I have been working with Active Directory a while (since 2003) and have seen quite many environments during that time. I have turned ADDS upside down once in a while in disaster recovery and deep dive troubleshooting cases. What I haven’t seen ever, is AD database which has growth in approximately one year from 2GB to 12,2GB. From my point of view it’s quite huge database size, biggest I have seen before this in production has been approximately 4GB. I have read stories about 180GB ADDS DB sizes but that’s totally different story.

The Problem

So database size is 12,2GB, what does it matter nowadays? First two things which comes to my mind are CritSit and capacity. If you face critical situation and you have AD DS database size of 12GB you have to definitely rethink recovery strategy.  Performing domain controller promotion with replication takes approximately 5-6 hours in this environment.

Second thing is capacity of domain controllers comparing smaller environments. During measurement and calculation I ended to these numbers regarding memory consumption:

Calculation showed 15,6GB totally needed memory and measurement (which lasted two days) confirmed that it should be enough. I added just be sure 24GB memory and 4GB page file (sligthly over commitment here). Worth to mention is that during promotion of new Domain Controller memory consumption raised up to 75-80% before it dropped down to 35%. This happened after domain partition was replicated and promo process continued to application partitions (domaindns & forestdns).


Another “problem” was curiosity, what in the earth caused huge increase in the database size. My own tools was used, had to pick up the phone and call Microsoft support to get help for analyzing database.

Analyzing Database – Tools

Basic troubleshooting tools and event logs didn’t show any errors and we started to dig down to database level with

  • Dumping the AD database
  • Esentutl which is used for managing JET database (Microsoft Joint Engine Technology)
  • DBAnalyzer.exe tool (Honestly, never used before)

Dumping AD database can be done with old school too LDP.exe. Good instructions how to do it can be found from here. It dumps the AD database to one file which can be imported to for example to excel. This is an excellent way to find out how data is actually located in AD. One of my favorite blogs, deep dive to what’s really the Active Directory. Unfortunately it didn’t gave us any hint how data has allocated storage.

Esenutl was used to get more accurate details how data is structured to different tables.  Commands to run to get more details from JET database

  • Stop ntds (ADDS) service and run below command within the elevated command prompt.
  • esentutl /ms ntds.dit /f#legacy >summary.txt
  • esentutl /ms ntds.dit /f#all /v /csv >all.csv
  • Start ntds (ADDS) service

Results showed that datatable, which consists of pure AD Data (users , OU , Groups , attributes and values) is what contributing to maximum size on NTDS.dit. Also found that there is approximately 3,5% of white space in database.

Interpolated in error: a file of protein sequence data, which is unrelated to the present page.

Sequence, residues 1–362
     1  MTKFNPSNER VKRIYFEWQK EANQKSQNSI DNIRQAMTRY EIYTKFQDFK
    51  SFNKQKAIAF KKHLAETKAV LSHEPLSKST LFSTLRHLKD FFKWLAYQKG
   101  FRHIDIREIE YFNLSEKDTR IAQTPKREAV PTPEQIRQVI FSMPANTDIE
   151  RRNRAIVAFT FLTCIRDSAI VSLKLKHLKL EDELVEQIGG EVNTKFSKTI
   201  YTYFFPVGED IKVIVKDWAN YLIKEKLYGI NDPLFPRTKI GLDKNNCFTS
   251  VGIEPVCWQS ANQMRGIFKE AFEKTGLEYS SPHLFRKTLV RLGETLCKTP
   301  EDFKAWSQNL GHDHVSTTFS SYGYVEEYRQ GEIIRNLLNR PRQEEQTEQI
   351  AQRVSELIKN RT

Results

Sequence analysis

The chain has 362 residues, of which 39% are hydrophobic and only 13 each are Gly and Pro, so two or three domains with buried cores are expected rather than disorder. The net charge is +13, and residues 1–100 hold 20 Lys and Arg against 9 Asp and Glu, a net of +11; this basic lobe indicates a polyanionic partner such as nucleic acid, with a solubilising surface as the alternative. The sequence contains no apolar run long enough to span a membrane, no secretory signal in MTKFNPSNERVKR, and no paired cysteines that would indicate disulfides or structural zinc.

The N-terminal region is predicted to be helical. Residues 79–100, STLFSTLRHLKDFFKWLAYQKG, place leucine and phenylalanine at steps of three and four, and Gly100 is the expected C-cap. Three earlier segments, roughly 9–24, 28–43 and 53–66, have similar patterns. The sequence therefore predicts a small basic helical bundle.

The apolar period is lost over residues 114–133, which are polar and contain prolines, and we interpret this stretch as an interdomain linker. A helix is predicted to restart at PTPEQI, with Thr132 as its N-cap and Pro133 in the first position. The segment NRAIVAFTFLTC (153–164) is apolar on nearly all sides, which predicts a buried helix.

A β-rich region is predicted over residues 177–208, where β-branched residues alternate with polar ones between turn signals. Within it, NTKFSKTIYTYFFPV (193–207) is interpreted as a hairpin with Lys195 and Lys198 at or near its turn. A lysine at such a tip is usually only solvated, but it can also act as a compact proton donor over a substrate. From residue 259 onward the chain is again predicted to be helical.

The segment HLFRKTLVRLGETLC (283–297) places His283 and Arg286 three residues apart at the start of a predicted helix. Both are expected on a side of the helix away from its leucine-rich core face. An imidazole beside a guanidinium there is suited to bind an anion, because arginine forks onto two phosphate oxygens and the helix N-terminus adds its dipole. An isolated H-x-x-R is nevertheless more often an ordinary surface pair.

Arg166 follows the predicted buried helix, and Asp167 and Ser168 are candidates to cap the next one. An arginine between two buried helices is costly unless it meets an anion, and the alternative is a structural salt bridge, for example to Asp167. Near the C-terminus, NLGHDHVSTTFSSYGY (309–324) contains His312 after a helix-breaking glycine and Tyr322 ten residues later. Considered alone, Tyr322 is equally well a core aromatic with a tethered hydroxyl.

Despite the results I wasn’t  satisfied and needed to go more deeper and jumped to the next tool, DBAnalyzer.

DBAnalyzer found out interesting stuff. As I said, I haven’t ever used it before but it analyzed database per attribute and measured their sizes which gave us a hint about the sizes of partitions and attributes. Worth to mention is that DBAnalyzer is just giving a ballpark figure about DB size, makes LDAP query to AD and does not estimate the accurate size if objects.

  • Live objects from all partitions are approximately 2,8GB
  • Deleted 35MB
  • Recycled 288MB
  • Total objects 2,8GB

What we can see also is that quite many msFVE-RecoveryInformation (which contains full Volume Encryption recovery password with its associated GUID) has been created in last months, actually trend has been that thousands of keys has been created in every month.

Bitlocker attributes contains several GB of data, in my opinion that’s way too much.


Even Bitlocker didn’t explain the whole database size it was worth to check underneath the hood a little closer. I ran following commands to get all Bitlocker keys from environment

  1. Export the msFVE-RecoveryInformation objects
  • ldifde /d DC=contoso,DC=com /r (objectclass= msFVE-RecoveryInformation) /l objectclass /f .\bitlockers.txt

2.  Strip out the attributes and sort the objects by hosting computer name always starts at column 72):

  • findstr dn: bitlockers.txt |sort /+72 > bitlocker-obj.txt

I found out that some of the computers had a lot, I mean a lot of Bitlocker recovery keys as seen pictures below. Pictures taken from computer object (show as containers view). Definitely found reason for high value of storage used for Bitlocker attributes.



Regarding findings naturally the goal was to decrease Active Directory database size. We decided to go forward with following actions:

  • Correct process and mechanism for creating Bitlocker keys. Current situation is that keys are new are written all the time and old ones are not overwritten.
  • Maintaining of keys is done via scripts currently and we are planning to take Microsoft BitLocker Administration and Monitoring (MBAM) in to use
  • Remove stale user accounts (approx. 4000)
  • Remove stale computer accounts (approx. 7000)
  • Perform offline defragmentation to ADDS database. This will remove the white space and fragments the DB. Size of the database will decrease 1,5GB with offline defragmentation

When all of the remediation tasks has been done I’ll write part 2, if I’m still having a chance to work in this environment:)